Medicare enrollment shifts in Western Pennsylvania
Highmark Inc. is losing some of its luster as the insurer of choice for Western Pennsylvania's seniors seeking more robust Medicare coverage.
The company's dominance in Medicare Advantage plans is eroding as competitors take a bigger piece of a market that's expanding as large numbers of baby boomers hit retirement.
The decline in members arises as the company is forced to raise premiums to offset lower reimbursement rates. A downgrade in the government's quality rating of one of its plans isn't helping.
Highmark's share of the private health plans funded through the government's Medicare program for Americans 65 and older dropped below 50 percent for the first time in at least four years in 2014, according to federal data. It was 48.6 percent on Jan. 1, down from 61.1 percent in 2010.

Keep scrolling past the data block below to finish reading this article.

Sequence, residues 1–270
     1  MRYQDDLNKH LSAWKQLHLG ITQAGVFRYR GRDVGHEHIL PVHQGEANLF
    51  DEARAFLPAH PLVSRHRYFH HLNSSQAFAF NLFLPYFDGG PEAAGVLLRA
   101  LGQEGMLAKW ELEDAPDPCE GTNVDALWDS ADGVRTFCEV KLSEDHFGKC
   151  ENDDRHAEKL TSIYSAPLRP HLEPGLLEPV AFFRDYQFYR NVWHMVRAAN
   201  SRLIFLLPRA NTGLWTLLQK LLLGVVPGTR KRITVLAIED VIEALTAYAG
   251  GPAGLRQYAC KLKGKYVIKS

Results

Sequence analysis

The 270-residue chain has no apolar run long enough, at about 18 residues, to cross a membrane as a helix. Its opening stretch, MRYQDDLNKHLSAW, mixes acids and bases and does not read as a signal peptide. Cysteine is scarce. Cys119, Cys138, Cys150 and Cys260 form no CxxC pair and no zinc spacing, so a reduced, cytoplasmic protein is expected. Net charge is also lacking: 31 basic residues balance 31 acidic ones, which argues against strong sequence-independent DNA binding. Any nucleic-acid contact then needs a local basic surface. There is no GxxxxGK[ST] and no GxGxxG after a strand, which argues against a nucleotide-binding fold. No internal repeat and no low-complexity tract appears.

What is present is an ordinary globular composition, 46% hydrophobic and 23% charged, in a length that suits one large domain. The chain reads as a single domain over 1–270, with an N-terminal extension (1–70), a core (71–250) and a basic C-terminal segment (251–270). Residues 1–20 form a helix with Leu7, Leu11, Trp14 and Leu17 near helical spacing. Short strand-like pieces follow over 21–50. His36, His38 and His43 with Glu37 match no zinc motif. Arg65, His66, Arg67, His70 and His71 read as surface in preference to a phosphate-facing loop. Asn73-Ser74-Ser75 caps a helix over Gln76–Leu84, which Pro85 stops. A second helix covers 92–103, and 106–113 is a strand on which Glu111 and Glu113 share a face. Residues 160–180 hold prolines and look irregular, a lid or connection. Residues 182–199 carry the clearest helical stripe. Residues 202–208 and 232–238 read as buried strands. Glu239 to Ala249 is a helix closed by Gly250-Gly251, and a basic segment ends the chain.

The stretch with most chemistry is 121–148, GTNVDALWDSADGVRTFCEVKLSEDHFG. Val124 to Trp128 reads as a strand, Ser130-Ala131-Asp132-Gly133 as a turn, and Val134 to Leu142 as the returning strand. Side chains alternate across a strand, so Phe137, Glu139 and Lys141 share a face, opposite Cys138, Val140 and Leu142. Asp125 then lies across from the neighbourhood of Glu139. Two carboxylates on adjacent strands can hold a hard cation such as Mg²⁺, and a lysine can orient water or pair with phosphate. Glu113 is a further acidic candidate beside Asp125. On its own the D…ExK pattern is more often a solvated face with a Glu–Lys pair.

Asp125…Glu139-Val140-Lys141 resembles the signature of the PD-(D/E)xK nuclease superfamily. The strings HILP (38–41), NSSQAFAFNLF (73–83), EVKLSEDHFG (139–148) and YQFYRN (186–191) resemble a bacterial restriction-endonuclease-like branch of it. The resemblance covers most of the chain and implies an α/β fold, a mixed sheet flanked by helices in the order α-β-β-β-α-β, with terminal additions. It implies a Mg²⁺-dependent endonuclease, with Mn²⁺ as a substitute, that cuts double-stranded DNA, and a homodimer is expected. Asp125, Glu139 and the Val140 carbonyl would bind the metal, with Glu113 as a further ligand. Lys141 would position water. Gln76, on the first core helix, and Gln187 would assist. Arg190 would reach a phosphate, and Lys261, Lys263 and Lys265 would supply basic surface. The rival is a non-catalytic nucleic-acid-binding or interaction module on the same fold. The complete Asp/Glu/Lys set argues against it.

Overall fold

Highmark lost share primarily to three competitors — UPMC Health Plan, HealthAmerica and Gateway Health. Officials with UPMC Health Plan, Aetna and Gateway declined to comment.
UPMC Health Plan, Highmark's chief rival, has 26.3 percent of the market this year, up from 22.3 percent in 2010. HealthAmerica, a subsidiary of national carrier Aetna Inc., has jumped to 14.3 percent this year, up from 9.8 percent four years ago. And Gateway Health, which is 50 percent owned by Highmark, stood at 6.2 percent after entering the market in 2011.
The number as of Jan. 1 may be incomplete. The Centers for Medicare & Medicaid Services will released final 2014 numbers this month.
The erosion in Highmark's share occurs as enrollment in Medicare Advantage plans in the Pittsburgh region is expanding — growing 18 percent since 2010 to nearly 307,000 people this year, according to data from the Centers for Medicare & Medicaid Services.